Inside the Paste studios where he was playing songs from his new album Resurrection, the singer and former Texas gubernatorial candidate Richard “Kinky” Friedman was rolling off dry one-liners as effortlessly as ever.
As he sipped Petrone at lunchtime, Friedman who recently celebrated his seventy-fifth birthday, admitted he was a little under the weather.
“I went to the doctor the other day and my doctor said, ” You’ve got Alzheimer’s and AIDS,” he opined and then paused before delivering the punchline. “I said, well, at least I don’t have AIDS.”
Friedman, who arrived on the scene in the early Seventies as the leader of his own band the Texas Jewboys, has made fun of himself and poked fun at pop culture around him in songs, on stage and in prose for over forty years. Earning the enmity of some who have seen his satire as crossing lines in a politically correct world, Friedman’s sarcasm has gotten himself into trouble on more than one occasion. Along the way he’s been a famed author and entertaining public figure who ran for Texas governor coming in fourth with over 12 percent of the vote.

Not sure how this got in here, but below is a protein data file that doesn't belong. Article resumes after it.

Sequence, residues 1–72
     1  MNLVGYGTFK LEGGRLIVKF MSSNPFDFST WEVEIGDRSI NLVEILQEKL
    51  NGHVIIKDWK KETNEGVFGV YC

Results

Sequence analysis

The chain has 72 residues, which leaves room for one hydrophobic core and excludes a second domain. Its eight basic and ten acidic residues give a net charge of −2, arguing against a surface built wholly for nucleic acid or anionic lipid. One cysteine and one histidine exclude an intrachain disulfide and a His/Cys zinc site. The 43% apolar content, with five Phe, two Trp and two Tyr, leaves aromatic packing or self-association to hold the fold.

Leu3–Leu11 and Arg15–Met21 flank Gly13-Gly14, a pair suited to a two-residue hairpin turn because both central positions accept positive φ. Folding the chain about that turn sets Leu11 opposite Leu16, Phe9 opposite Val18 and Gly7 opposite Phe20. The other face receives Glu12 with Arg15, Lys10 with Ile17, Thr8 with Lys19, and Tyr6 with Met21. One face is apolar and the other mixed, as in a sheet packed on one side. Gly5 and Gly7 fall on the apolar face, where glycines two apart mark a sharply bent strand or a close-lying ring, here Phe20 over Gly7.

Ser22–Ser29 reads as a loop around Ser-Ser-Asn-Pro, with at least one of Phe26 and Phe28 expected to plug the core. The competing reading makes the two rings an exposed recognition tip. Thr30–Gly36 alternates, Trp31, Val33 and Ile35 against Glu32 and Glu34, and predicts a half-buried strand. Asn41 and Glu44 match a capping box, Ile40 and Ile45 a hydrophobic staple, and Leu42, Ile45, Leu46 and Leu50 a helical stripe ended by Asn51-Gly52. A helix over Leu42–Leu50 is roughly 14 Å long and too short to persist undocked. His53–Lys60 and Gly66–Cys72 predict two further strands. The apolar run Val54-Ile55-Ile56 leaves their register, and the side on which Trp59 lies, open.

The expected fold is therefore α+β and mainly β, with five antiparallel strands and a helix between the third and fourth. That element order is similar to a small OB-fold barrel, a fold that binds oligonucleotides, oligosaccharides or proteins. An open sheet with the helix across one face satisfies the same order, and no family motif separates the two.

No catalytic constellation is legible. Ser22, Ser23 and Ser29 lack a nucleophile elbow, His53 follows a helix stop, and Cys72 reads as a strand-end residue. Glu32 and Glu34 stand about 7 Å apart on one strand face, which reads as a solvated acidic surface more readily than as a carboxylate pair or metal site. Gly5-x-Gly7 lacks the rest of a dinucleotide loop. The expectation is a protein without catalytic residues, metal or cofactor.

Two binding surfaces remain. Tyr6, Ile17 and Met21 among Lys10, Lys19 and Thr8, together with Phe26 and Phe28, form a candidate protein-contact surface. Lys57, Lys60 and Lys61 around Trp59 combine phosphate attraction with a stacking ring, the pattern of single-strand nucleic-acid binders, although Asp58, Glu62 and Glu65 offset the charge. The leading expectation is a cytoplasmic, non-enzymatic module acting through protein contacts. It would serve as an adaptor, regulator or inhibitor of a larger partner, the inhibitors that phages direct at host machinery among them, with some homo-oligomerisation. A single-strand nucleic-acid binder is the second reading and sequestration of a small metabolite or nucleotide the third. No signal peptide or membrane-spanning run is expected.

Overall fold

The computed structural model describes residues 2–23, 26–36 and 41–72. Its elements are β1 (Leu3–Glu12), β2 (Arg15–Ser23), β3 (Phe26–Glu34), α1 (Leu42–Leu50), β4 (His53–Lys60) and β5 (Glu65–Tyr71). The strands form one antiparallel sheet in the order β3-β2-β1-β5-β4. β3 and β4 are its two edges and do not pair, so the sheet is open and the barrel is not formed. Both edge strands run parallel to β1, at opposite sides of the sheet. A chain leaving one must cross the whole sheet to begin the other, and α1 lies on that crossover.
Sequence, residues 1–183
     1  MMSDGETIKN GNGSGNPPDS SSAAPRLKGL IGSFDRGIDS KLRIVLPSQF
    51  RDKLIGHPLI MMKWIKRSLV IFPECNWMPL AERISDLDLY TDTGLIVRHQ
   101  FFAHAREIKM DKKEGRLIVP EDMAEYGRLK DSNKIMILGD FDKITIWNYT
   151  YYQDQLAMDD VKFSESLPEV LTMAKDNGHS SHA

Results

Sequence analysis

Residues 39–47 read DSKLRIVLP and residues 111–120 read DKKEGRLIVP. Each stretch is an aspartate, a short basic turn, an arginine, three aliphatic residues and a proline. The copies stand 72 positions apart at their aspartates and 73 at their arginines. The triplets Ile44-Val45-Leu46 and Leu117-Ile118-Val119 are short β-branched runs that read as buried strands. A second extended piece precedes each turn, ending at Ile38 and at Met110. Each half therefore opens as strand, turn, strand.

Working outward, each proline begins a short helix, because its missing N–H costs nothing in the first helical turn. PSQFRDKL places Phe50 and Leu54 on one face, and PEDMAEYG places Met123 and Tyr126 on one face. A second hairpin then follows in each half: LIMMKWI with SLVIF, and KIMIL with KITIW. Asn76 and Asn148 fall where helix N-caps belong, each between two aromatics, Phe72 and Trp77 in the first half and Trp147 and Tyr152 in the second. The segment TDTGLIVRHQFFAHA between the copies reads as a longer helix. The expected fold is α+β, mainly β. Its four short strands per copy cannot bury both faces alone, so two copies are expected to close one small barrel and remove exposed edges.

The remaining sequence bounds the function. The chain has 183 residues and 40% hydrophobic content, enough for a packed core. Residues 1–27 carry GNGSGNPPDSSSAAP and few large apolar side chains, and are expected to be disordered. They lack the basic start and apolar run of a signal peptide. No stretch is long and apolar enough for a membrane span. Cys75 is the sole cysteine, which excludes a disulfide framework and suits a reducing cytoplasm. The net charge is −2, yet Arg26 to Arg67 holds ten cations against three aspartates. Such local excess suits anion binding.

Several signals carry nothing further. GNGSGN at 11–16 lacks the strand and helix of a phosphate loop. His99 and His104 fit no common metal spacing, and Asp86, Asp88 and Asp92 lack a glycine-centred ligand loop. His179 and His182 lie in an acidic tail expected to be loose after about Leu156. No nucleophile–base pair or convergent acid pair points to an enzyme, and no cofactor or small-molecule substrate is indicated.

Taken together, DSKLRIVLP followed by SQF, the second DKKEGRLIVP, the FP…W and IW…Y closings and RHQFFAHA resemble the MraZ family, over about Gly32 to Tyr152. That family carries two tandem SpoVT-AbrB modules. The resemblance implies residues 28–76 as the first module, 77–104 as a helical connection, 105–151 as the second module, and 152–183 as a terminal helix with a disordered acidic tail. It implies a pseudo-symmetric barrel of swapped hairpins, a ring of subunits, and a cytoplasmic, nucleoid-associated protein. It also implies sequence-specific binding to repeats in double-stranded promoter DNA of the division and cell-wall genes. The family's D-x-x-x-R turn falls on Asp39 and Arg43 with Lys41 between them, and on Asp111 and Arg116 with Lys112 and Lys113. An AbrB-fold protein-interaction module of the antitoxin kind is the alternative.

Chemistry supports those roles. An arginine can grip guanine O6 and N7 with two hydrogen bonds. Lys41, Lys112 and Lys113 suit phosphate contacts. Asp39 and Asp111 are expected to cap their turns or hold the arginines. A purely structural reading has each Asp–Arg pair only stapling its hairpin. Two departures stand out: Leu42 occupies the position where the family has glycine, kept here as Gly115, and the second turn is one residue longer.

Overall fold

These days you might have to take a step back to realize how straight Friedman is playing it. After a forty year absence from writing new songs, Friedman laid down his satirical pen and emerged last year with Circus of Life. On Resurrection (Echo Hill Records), Friedman is less of the character of the merry prankster and Kinkster for his bawdy antics of days past than he is the philosopher and raconteur looking deep within.
“He really reached back for this one,” says Larry Campbell the producer of Resurrection. “For all his bluster and need to agitate and shock, he’s one of the most soulful, deep feeling people I’ve ever met. He’s very empathetic and caring and a real champion for the underdog.”
On the title track as he recalls friends and loved ones, some of whom who he’s lost and have passed on, Friedman explores his chosen life within the context of why he is still out there playing shows.